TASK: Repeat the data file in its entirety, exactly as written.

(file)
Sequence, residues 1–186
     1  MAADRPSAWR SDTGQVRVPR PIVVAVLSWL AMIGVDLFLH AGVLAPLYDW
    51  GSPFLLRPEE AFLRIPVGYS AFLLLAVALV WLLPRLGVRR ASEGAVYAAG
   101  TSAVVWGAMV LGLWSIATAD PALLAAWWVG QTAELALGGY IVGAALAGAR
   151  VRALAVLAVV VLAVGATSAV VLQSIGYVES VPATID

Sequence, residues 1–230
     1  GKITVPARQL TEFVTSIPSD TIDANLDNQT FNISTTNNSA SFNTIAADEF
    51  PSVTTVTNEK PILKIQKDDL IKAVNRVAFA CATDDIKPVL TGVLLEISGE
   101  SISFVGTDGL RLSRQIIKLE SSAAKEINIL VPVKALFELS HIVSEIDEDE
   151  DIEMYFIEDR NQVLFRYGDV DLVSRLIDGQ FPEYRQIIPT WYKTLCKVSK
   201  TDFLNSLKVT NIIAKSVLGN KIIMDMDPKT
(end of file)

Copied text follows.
Sequence, residues 1–186
     1  MAADRPSAWR SDTGQVRVPR PIVVAVLSWL AMIGVDLFLH AGVLAPLYDW
    51  GSPFLLRPEE AFLRIPVGYS AFLLLAVALV WLLPRLGVRR ASEGAVYAAG
   101  TSAVVWGAMV LGLWSIATAD PALLAAWWVG QTAELALGGY IVGAALAGAR
   151  VRALAVLAVV VLAVGATSAV VLQSIGYVES VPATID

Sequence, residues 1–230
     1  GKITVPARQL TEFVTSIPSD TIDANLDNQT FNISTTNNSA SFNTIAADEF
    51  PSVTTVTNEK PILKIQKDDL IKAVNRVAFA CATDDIKPVL TGVLLEISGE
   101  SISFVGTDGL RLSRQIIKLE SSAAKEINIL VPVKALFELS HIVSEIDEDE
   151  DIEMYFIEDR NQVLFRYGDV DLVSRLIDGQ FPEYRQIIPT WYKTLCKVSK
   201  TDFLNSLKVT NIIAKSVLGN KIIMDMDPKT